Dynasty Warriors 4 is the shit. That's the game that got me hooked on the franchise back in the good ole days. I'm a bit burnt out lately though. Last one I palyed was 6 empires, and I didn't play much of it. I did S-rank 5 Empires though. This is almost making me want to play 6.

#3 Posted by ahoodedfigure (4237 posts) -
@JJWeatherman: From what I've read, 6 departs quite a ways from what the games before had done. I guess it was the first newgen release or something? From the fan reviews of 7 I can see they weren't big fans of 6, but I know almost nothing about it myself.  I know that I'm not much of a stickler for history unless they happen to tell a good story with it, since I like games that let you explore alternatives. Also I'm not very familiar with the renbu system, and I never did by any Extreme Legends or Empire titles so I'm not sure what those add.

If you do go back to 6 and write up your impressions, though, let me know.
#4 Posted by Rowr (5236 posts) -

As i recall 5 was released on the new gen, but it was old gen engine with crisper textures. It wasnt a huge step up from 4, not as much as 4 was to 3.


Great casual game to play with a friend or girlfriend in particular. I'm pretty excited to get 7, I really think it helped to skip on 6 so i'm not burnt out on it. I've learnt to ignore reviews for dynasty warriors as there seems to be a huge amount of people who have an unreasonable hate for it. I'm no casual gamer myself.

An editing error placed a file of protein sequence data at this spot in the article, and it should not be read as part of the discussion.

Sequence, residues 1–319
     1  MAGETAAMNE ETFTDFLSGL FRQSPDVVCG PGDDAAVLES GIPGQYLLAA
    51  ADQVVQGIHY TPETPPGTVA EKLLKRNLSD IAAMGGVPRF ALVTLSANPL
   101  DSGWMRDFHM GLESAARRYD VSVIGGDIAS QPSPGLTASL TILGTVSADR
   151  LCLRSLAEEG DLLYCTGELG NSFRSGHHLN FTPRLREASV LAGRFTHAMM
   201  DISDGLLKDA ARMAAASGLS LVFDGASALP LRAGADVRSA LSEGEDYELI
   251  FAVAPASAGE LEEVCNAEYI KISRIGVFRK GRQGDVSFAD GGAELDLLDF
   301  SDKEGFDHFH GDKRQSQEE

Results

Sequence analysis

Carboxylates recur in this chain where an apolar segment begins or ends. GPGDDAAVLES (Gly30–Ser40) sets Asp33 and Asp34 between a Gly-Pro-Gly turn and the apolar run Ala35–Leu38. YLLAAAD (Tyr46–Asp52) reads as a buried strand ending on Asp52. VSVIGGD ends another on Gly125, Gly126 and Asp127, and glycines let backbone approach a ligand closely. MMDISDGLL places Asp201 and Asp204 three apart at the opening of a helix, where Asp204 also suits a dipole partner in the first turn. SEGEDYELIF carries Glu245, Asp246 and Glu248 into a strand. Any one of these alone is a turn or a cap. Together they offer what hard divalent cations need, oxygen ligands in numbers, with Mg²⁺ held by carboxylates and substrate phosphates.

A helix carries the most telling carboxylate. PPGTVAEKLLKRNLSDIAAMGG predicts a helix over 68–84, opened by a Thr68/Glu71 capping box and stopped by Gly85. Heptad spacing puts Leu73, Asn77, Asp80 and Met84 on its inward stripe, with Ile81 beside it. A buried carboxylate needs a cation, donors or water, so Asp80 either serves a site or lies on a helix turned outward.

I went as far as too pick up the books, they can be a little tricky to get into but as long as you can keep up with which character is which its pretty great, I found it really opened up my eyes to the concepts of honour and superstition, and how they may have perceived it in that time period in china, not too mention the culture of turbulence with the divided country. It is a "Romantic" history, but it was written based on events in a time only a few decades later.
#5 Edited by ahoodedfigure (4237 posts) -
@Rowr:  I was going off the memory of a comment where someone said it was using 4's engine, but the timeframe seemed weird to me. Should have cross-checked before I said that, though it seems like it was released late in the older consoles' lifespans. Maybe you're thinking the backwards compatibility of the new consoles? Says here there's a "special" edition ported to the current generation.

The Romance was written quite a long time after the original events (like a millennium) but it was based on histories that were written pretty close to the time of the subject. Who knows how biased the inidividual historical accounts were, but that's what keeps historians busy, trying to figure out what actually happened. There's a version of the Romance there now with Chinese and English side-by-side, but it's a bit too expensive to justify even if I might get more of a kick out of it (would help to see the Chinese characters that correspond to the romanized names).  As far as it being historically accurate, I've read it has a lot better fidelity than similar historical Romances have been, though it seems to sympathize with Liu Bei the most, but if I was really concerned with the history there are other works that might be better for that.